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He-3 Neutron absorption

  1. Oct 11, 2015 #1
    I'm curious, why does Helium-3 fission into H-3 and H upon neutron absorption? Surely the He-4 nucleus configuration is more stable?
    I get that the energy release may be what splits the nucleus, because it releases quite a lot of energy if it were to simply absorb the neutron.
     
  2. jcsd
  3. Oct 11, 2015 #2

    mfb

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    How does the energy get released if it does not split up?
    That reaction is possible, but I would expect it to be unlikely as it cannot proceed via the strong interaction alone.
     
  4. Oct 11, 2015 #3
    I find the cross-section quoted as 55 microbarns - compared to the cross-section of proton emission, at 5500 barns.
    Looking around the light isotopes, those which can release the energy by strong interaction - He-3, Li-6, B-10 and N-14 - have cross-section in barns to kilobarns. Those which cannot and only are capable of electromagnetic interaction and gamma ray emission - all H isotopes, Li-7, Be, B-11, C, N-15, O - have cross-section in microbarn to millibarn range.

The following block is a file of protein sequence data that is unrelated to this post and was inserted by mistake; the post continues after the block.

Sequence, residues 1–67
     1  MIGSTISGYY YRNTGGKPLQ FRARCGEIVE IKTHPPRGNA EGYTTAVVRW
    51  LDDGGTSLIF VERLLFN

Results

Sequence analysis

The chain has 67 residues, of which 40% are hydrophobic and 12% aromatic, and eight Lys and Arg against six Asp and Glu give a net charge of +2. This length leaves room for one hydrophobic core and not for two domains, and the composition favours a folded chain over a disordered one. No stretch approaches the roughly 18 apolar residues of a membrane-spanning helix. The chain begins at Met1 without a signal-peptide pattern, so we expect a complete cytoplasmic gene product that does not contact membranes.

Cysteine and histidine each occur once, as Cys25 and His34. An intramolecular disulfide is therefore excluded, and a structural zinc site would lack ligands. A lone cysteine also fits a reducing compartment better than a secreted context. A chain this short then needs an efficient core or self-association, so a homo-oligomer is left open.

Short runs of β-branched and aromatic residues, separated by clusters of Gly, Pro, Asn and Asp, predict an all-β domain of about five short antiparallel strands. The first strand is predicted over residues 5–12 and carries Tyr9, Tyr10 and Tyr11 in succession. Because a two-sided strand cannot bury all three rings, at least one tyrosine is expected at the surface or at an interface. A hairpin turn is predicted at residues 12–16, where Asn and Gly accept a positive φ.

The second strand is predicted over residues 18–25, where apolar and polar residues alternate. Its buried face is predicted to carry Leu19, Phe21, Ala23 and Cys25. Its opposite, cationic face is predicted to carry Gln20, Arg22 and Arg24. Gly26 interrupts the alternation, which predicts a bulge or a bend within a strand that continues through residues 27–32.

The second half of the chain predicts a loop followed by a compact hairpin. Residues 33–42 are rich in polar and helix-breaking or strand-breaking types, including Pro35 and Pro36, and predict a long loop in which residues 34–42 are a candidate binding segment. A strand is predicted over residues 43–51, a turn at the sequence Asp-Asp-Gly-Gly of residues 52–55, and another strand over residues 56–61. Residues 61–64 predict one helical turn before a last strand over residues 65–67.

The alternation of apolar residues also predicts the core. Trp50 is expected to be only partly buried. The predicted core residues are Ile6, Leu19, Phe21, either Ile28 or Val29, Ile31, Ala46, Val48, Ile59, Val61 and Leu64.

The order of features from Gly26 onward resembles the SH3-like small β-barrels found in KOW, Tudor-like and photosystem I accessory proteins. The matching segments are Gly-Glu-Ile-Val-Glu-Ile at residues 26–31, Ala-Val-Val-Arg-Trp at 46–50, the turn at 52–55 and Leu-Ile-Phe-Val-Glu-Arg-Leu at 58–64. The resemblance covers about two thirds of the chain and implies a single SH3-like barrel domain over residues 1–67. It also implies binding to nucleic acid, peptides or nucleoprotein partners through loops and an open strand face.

5. Oct 11, 2015 #4
    Ok, so you're saying that its just much more likely to split up. Actually, now that you mention it, it makes sense now. So if I'm understanding correctly, the He-4 does form, but is only a short lived intermediate product, proceeding to decay into other smaller sub-components.
    n + He-3 --> (He-4) --> H-3 + H-1 (or H-2 + H-2?)
    What promotes the one fission reaction to be more probable than the other? ( Assuming of course D+D is a valid product)
     
  6. Oct 11, 2015 #5

    mfb

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    I'm not sure if the intermediate state lives long enough to call it He-4.
    The emission of a single nucleon (or alpha particle for heavier nuclei) is more likely than a split into two similar and bounds parts.
     
  7. Oct 12, 2015 #6
    I see. So just proton emission then. Thanks a lot. :)
     
  8. Oct 12, 2015 #7
    Nuclear reactions have to conserve both energy and momentum. When you only have one product it's not possible to conserve both except when the reactants have the right kinetic energies. Thus nuclear reactions with only 1 product tend to be rare. For instance why the d+d = He-4 reaction is also rare.
     
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